One key to unlocking this additional value will be turning interval meter data into information. Automated metering systems generate unprecedented amounts of data. For the true benefits of automated metering to be realized, utilities have to properly manage and leverage this new wealth of data.

By leveraging and managing meter data effectively, utilities can positively impact their businesses in a number of ways, including:

1. Increased operational efficiency through integration of the data with customer care, call center, outage management and work management systems. (More data means better decision making.)

2. The ability to market specific offerings to qualified customers based on their usage history and personal preferences. (More data means improved understanding of the customer.)

3. The ability to leverage time-of-use rate making and other pricing programs to enable more effective demand-side management. (The information can now be made more visible to customers.)

Given the tangible business benefits of smart meters along with the real possibility of a smart grid, why aren’t more utilities going full speed ahead with conversion? It really comes down to one thing: cost.

Coping with Conversion Costs

While there is clearly a need for and a focus on smart grid technologies, many utilities are faced with financial disincentives when it comes to smart meter conversion.

Many utilities may have millions of dollars invested in existing electro-mechanical metering technologies. They are scheduled to recover those investments over 30 years based on the existing funding equation. If a wholesale transition to advanced metering technologies takes place, not only does it require a huge investment in the new meters, but it also creates lost investment in the old meters. That’s a double hit and a double financial disincentive to make the switch.

There is a possible solution to this issue. State regulatory agencies have the authority to provide incentives to make the transition to smart metering technologies more financially palatable. Regulatory agencies can change the funding structure and allow accelerated depreciation on existing meters. That could be the extra push that utilities need to make the conversion.

Many utilities are eager to make the switch, but the business case is not attractive under current regulatory conditions. In the long run everyone will benefit from these technologies and in the short-term everyone must work together to make sure they are implemented.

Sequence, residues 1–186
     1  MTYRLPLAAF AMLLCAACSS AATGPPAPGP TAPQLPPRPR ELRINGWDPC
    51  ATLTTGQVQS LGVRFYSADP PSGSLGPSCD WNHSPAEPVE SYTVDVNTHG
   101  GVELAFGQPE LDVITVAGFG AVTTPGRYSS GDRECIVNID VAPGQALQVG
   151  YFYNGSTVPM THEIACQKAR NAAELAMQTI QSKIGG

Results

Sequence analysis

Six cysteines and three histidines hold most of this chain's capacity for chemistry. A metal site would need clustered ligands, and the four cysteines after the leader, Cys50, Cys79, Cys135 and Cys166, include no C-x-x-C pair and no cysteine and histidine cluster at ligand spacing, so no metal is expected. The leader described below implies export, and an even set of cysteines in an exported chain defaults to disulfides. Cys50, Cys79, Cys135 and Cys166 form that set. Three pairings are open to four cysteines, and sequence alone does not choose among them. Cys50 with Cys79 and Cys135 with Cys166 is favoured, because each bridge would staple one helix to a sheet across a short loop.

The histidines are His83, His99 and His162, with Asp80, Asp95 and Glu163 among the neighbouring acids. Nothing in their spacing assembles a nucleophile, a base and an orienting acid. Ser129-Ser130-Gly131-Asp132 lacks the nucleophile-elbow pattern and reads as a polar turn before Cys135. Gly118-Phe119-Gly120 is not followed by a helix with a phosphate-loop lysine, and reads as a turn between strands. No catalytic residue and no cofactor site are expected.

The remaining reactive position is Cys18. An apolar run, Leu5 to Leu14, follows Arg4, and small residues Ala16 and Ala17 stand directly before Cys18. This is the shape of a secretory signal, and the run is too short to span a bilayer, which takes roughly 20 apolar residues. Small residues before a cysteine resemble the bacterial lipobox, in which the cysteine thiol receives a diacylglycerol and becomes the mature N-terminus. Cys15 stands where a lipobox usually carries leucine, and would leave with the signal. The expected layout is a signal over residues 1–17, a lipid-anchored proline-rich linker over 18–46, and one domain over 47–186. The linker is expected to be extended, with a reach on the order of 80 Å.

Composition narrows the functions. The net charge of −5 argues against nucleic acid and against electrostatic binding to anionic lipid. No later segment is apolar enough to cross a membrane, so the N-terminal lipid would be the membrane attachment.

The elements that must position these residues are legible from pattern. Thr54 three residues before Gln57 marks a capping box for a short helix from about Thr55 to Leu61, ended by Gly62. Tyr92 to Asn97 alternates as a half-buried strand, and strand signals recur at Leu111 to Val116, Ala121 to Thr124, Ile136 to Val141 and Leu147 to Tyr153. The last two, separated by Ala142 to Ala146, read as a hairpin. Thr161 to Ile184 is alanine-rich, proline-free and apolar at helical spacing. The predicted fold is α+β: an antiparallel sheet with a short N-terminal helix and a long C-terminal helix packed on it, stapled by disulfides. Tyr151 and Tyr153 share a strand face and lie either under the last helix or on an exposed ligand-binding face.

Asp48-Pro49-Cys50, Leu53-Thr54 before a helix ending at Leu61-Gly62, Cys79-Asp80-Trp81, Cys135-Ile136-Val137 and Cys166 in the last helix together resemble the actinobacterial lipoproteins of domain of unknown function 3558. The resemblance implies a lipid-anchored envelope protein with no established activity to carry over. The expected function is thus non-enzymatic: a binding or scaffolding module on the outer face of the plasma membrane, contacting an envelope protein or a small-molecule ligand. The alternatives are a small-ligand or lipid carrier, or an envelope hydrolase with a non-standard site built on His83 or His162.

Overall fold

Where do We Go from Here?

As it is now, our power grid often operates dangerously close to reliability limits. The inability to fund and site new generating and transmission capacity are creating long-term reliability and security issues. The time to adopt smart grid enabling technologies and advance the transition to a smart grid is now.

Consumption of electricity and natural gas in the United States is growing at a rate of around 2 percent a year. That growth is enormous in the context of the volumes of energy being consumed. In fact, according to EIA, we will need approximately 428 gigawatts of new capacity to meet increased electricity demand in 2025.

Using “smart technologies,” utilities can enable real-time analysis of distributed loads, remote control of distributed devices, and automatic management of customer demand. In effect, utilities can develop a portfolio of “demand side” tools to help bring the electric supply and demand equation back into balance. There is a real opportunity to move forward, but progress is dependent on decisive and coordinated action from the industry as a whole.

There are already large scale automated metering projects underway in California and Toronto. Hopefully these projects will be the case studies and the catalysts that lead to much broader adoption of smart grid enabling technologies.

Smart meters are the first step in a larger utility evolution, but how those meters are used and leveraged will the be the last word on how quickly we achieve the intelligrid and bring the energy sector into the 21st century.

Dave Turner is the senior vice president of Gestalt LLC’s energy practice.